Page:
FINALLY it appears some in the Labor Party have woken up to the Greens. One benefit of this awakening is that some in the media are now prepared to give the Greens at least a modicum of scrutiny.
That they have escaped it in the past is perhaps understandable. After all, they are in one sense a minor rump on the Parliament.
For example, when Senator Sarah Hanson-Young took her young daughter into the Senate in June 2009, she insisted it was not a stunt and was simply because she wanted to have a few minutes with her daughter before she went home to Adelaide. But did anyone ask the senator why she hadn't organised to have this time earlier in the day? Did anyone ask if she had considered how upset her daughter might be if the standing rules were applied? What an easy life it must be when proper scrutiny just passes you by.
An accident of voting outcomes has given these few people the balance of power in the Senate. These few people who have no hope of holding the responsibility of government have ended up being the arbiter between the two major parties.
It's hard to imagine that many Australians would answer ''yes'' if you asked them: ''Would you like the Greens to arbitrate between Liberal and Labor?'' Certainly not a majority. Yet our system has given the Greens this power, and I think that alone merits them being under close scrutiny.
The recent spat between the Greens and a number of senior Labor people was quite revealing. It doesn't say much that is positive about the Greens that one of their mantras during this tussle was that they were the only thing standing between Tony Abbott and the Lodge. Is that all they stand for? Why not promote their policies?
Even more interesting was Hanson-Young's comment that ''the Greens have values and the Labor Party doesn't''. The glaringly obvious question is: ''Will you tell the Australian people why you support Labor being in government if you think they have no values?'' Do the Greens also think the Liberals have no values? Do they really think that in a pluralist society like ours, they are the only ones with any values? Or do they just not like Abbott as leader?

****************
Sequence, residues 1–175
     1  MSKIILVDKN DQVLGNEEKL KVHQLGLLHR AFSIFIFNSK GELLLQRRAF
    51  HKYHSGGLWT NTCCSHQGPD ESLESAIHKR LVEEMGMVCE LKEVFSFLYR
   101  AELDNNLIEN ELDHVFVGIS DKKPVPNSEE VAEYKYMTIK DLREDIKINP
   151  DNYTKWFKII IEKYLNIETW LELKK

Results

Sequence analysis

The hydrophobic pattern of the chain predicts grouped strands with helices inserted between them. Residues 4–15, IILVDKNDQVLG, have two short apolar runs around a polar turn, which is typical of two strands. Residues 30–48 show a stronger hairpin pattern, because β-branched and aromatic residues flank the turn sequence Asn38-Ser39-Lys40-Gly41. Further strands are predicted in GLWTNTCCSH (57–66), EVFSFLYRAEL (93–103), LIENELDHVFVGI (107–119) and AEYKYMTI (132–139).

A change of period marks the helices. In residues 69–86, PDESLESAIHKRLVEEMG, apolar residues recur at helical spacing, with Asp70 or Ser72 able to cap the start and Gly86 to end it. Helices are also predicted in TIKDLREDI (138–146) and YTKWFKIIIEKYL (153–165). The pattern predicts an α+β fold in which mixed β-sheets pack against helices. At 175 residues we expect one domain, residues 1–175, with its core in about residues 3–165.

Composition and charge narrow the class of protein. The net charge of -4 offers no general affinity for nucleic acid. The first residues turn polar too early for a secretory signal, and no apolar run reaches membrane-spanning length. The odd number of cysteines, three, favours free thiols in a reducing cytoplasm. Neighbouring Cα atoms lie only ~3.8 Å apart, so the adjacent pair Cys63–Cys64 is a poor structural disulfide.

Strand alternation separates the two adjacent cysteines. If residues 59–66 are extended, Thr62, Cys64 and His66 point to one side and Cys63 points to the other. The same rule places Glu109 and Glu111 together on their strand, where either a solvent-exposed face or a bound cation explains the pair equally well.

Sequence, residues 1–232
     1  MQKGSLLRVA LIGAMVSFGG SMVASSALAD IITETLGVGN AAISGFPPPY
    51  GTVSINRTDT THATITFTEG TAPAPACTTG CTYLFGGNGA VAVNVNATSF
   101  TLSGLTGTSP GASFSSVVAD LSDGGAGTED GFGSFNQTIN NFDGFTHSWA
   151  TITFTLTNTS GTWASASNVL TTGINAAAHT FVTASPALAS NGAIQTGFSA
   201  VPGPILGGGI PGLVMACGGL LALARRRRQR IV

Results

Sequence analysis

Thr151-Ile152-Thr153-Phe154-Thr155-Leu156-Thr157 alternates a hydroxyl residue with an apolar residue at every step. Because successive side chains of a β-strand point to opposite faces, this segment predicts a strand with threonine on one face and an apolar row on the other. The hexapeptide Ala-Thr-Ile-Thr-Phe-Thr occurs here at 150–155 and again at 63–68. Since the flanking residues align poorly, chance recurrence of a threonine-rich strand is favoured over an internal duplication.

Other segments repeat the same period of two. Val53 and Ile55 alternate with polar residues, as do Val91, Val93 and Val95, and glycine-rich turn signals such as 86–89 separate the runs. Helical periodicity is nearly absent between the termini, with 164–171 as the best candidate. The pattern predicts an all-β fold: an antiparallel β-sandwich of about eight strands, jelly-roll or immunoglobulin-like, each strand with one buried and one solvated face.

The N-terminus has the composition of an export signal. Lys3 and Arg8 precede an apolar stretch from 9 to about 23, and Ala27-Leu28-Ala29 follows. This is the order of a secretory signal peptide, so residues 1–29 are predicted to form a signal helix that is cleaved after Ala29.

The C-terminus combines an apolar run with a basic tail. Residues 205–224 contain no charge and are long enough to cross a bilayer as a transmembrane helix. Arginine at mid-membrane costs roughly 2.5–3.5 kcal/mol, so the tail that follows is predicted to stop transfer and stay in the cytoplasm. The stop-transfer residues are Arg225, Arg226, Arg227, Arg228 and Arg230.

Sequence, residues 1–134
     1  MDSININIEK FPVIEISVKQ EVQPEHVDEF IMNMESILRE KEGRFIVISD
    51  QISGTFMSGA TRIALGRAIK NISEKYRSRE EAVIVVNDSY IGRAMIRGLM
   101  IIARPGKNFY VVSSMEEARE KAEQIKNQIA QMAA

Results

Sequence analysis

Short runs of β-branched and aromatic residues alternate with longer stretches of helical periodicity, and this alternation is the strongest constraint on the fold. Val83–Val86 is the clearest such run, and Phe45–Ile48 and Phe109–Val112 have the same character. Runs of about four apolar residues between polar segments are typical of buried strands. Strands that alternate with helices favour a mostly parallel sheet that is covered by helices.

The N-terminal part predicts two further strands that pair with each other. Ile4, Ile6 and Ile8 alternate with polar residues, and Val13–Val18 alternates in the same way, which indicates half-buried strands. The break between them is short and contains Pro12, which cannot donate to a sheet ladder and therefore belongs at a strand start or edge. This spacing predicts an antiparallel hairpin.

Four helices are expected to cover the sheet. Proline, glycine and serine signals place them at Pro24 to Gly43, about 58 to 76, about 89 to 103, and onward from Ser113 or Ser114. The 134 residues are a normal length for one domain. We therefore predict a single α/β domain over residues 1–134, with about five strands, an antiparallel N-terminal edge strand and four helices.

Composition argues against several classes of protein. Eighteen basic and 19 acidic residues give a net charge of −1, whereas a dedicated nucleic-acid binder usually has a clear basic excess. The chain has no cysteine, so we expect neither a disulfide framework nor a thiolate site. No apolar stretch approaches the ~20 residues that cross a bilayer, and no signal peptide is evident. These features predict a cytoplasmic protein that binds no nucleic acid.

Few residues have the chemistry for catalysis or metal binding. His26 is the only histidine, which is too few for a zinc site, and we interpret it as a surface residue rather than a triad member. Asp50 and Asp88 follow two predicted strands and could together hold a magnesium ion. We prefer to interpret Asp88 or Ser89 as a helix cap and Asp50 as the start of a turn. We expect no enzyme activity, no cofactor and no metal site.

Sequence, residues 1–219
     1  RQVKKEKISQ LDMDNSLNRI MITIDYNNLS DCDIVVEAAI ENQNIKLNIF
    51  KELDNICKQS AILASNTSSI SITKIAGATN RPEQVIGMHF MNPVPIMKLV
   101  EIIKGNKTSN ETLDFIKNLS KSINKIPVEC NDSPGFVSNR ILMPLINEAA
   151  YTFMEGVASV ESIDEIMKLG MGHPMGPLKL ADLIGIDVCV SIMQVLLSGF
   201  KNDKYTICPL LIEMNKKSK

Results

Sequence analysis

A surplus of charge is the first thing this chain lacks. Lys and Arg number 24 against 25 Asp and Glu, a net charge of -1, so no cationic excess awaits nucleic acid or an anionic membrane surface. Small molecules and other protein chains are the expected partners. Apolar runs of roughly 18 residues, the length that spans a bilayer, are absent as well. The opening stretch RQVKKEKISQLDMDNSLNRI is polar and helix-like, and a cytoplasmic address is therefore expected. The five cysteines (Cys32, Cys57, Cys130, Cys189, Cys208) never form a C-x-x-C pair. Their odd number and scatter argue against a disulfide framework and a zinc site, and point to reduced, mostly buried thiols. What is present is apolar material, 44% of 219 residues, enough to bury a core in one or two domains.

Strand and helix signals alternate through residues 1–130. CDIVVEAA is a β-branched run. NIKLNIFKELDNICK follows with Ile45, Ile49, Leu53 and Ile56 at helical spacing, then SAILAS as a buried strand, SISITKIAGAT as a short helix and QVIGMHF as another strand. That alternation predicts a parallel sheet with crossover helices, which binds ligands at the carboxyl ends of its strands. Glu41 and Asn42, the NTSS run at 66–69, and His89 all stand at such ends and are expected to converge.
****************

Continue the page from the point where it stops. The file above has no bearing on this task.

In any event, the Greens were happy enough to squeeze whatever they could out of the situation. They made their demands to Gillard and now both she and the Labor Party are paying the price.
Of all the things that are valuable in life, and public life in particular, credibility is one of the most important. Without it you're just another spruiker taking up air space and interrupting the peace for no good reason. You become a parody. Incredibly, Gillard gave hers away in her post-election deal with the Greens. Power was more important to her than her promise to the people not to introduce a carbon tax.
Not only has this damaged her, perhaps irrevocably, but it has damaged her team. It now seems to the electorate that before team Labor can tell you what it is going to do, it has to have permission from a few people outside the team. The government we elected kowtows to people we did not elect.
These outsiders do nothing to help govern. So when there is a difficult problem, they have no need to worry about policies that Australia can afford, no need of policies that will work. They are free to draw on their whiteboard so far removed from the real world with which any government has to deal.
Take the issue of unlawful arrivals by boat. It is easy to engage in a healthy dose of conspicuous compassion; so easy to just say ''let everyone in''. It sounds so caring, and you're glad because you want the world to see you as the good guy.
But in government, in the real world, playing little Miss Pollyanna is not an option. The budget bottom line dictates that you can only do what you can afford. You have the responsibility to make hard choices.
Hanson-Young should be asked what she thinks is the limit of what Australia can afford in unlawful boat arrivals. She should not be allowed to evade giving an answer, a number. Then it can be costed and the public can really judge whether her ideas are feasible.
She should also be asked if she would save any of those refugee places for the poor unfortunate people who wait in camps. Or would she just open the door through Indonesia and let those who wait in camps keep waiting?
Once she has faced the reality of a limit on what Australia can afford, the senator should be asked to tell us what she would do when people, unable to get in from Indonesia under her quota, came by boat anyway.
And, when she seeks to calm a wary electorate by asserting that those who are found not to be refugees should be sent home, she might outline a few ideas on how that could be done. History shows us that whoever is in government finds returns are extremely difficult to achieve. Easy to say, not so easy to do.
I hope the major parties act sensibly and refuse to preference the Greens ahead of many others.
How do you brown off the Greens? Put them last on the ballot paper.
Amanda Vanstone was a minister in the Howard government.